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TWO words: My bank. That's how Tan Sri Azlan Zainol would like RHB Bank Bhd the organisation in which he has been the chairman for the past seven years to be seen by its customers.
Indeed, it is every banker's dream to be the first choice of service providers for customers.
It's not surprising therefore that Azlan is thinking of positioning RHB Bank as such.
“When people look for banks, RHB should be the first choice that comes into their minds,” Azlan tells StarBizWeek in an interview in conjunction with the bank's 100-year anniversary this year.
“The key for us (to achieve that) is to find a niche,” he says, pointing to “Easy by RHB” as one of the most important initiatives that the bank has launched in recent years towards this end.
RHB Bank is one of the key subsidiaries of Main Market-listed RHB Capital Bhd (RHB Cap). It contributes about 80% of the group's pre-tax profit annually.
The banking group will reach a significant milestone come July this year, when RHB Bank is officially 100 years old.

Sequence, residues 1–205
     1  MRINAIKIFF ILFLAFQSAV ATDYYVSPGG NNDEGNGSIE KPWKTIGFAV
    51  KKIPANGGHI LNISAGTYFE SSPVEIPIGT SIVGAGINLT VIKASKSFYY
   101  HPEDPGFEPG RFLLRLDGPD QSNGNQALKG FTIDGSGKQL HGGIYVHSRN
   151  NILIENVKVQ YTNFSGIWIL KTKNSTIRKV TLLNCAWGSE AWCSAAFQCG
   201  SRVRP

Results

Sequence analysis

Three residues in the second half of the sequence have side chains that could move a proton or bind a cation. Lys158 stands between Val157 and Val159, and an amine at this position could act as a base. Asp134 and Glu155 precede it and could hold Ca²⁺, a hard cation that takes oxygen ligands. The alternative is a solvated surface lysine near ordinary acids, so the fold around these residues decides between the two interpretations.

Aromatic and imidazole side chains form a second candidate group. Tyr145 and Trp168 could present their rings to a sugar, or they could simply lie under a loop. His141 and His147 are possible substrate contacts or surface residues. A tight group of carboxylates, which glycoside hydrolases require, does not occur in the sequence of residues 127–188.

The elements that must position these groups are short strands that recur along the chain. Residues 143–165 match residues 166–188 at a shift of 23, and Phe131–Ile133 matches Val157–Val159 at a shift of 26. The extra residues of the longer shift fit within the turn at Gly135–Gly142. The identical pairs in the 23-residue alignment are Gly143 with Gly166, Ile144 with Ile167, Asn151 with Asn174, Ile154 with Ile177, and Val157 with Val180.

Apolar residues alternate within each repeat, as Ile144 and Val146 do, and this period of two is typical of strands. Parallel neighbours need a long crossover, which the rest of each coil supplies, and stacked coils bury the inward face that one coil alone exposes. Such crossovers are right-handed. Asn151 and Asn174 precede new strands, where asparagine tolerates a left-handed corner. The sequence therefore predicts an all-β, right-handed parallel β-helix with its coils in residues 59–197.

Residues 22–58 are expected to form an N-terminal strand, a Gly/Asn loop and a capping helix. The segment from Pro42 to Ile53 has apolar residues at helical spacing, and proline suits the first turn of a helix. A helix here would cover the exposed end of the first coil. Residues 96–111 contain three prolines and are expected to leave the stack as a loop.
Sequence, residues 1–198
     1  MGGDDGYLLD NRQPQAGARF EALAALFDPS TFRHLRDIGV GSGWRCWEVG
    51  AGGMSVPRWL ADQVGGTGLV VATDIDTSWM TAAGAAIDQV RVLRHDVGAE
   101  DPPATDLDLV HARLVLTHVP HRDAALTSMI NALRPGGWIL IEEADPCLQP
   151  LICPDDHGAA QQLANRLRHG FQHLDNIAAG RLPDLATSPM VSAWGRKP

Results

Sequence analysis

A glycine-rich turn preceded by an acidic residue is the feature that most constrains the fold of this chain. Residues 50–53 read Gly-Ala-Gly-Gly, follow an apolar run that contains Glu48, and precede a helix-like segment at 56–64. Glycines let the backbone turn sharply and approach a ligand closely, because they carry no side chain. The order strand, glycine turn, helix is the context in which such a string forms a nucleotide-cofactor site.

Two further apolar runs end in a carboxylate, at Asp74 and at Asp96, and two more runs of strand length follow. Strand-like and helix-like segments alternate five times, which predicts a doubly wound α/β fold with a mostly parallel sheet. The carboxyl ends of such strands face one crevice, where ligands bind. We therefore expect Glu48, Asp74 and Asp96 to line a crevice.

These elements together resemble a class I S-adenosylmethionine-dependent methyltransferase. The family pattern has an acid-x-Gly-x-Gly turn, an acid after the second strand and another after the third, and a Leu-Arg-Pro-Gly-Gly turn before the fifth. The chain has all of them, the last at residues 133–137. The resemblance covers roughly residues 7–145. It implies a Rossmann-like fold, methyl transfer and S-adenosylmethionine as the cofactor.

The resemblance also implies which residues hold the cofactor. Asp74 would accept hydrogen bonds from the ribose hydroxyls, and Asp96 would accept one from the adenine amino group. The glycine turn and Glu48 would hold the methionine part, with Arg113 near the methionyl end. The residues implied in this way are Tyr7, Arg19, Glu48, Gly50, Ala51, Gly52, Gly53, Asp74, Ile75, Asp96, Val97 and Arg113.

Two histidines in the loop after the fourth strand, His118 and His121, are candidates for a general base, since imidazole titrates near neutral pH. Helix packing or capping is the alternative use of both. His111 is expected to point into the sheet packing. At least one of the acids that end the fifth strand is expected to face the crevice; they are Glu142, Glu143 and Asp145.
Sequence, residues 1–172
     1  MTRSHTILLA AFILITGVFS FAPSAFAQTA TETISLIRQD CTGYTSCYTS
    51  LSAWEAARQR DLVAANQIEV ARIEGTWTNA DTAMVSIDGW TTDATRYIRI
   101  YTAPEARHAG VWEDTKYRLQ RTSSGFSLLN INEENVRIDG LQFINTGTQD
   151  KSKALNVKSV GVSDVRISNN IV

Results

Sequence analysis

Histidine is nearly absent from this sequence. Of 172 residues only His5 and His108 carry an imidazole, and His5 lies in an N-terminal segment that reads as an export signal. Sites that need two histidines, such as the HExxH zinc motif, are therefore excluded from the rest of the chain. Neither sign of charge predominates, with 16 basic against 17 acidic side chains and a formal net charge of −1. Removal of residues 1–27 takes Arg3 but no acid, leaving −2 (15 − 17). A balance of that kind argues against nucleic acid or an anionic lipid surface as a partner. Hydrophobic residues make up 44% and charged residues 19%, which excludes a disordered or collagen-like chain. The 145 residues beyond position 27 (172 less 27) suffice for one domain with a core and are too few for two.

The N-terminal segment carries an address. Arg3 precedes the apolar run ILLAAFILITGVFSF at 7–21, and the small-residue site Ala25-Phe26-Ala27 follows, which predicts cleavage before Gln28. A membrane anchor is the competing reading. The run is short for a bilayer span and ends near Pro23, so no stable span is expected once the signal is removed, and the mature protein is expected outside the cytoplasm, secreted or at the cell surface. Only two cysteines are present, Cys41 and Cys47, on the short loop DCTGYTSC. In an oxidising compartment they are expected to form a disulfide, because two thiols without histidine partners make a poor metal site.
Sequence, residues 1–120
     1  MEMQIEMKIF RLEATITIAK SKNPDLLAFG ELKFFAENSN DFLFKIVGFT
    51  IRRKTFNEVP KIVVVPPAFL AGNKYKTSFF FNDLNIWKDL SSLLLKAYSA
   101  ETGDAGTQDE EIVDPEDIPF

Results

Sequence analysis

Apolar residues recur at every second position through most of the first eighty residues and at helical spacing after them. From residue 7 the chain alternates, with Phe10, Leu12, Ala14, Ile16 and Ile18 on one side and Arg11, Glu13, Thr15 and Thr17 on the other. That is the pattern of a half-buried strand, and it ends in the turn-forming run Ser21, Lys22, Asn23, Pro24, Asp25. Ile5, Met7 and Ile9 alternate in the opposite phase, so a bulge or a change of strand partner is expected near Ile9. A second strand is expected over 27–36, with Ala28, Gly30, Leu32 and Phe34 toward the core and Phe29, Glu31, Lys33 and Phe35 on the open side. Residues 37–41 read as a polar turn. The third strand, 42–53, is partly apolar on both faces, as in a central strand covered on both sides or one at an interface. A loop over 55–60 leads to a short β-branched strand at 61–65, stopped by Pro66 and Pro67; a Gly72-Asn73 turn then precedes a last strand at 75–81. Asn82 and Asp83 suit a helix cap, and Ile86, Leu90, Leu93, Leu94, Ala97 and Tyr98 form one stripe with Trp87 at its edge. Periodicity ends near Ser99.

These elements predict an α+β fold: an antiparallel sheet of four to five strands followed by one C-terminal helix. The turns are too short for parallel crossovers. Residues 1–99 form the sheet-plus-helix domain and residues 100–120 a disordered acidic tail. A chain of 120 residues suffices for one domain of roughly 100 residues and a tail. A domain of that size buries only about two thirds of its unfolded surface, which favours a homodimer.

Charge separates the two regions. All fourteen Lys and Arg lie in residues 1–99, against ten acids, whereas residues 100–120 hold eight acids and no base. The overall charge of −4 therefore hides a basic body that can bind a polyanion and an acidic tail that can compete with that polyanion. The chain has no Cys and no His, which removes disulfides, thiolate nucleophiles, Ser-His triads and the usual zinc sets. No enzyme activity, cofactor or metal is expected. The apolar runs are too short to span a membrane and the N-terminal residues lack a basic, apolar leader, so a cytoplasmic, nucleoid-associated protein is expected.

“I presume that we are the oldest bank in Malaysia,” Azlan says, noting that there are not many companies in the country that have reached this milestone.
“We're proud of the fact that we're 100 years old, and that we've done well throughout all these years,” he says.
Lots of programmes are in store, according to Azlan, for the banking group's customers, stakeholders and staff, as it will celebrate in a “reasonably big way”. The organisation, he says, will also focus a little more on charity as part of its celebration.
The RHB Banking group boasts a rich history that traces the development of the country's banking and financial services industry from pre-independence days to the most turbulent economic times in the region's history.
Its important celebration this year is also taking place amid the changing landscape of the industry that has already seen a spate of mergers and acquisitions (M&As) in the past couple of years, both at home and in the region.
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The RHB Banking group, which assumed its current name only in 1997, is itself no stranger to M&As.
It came about through a merger between Kwong Yik Bank Bhd and DCB Bank Bhd (formerly known as the Development and Commercial Bank Bhd) in 1997. That year saw bumiputra entrepreneur Tan Sri Abdul Rashid Hussain emerge as the group's executive chairman. The bank's current initials come from his name.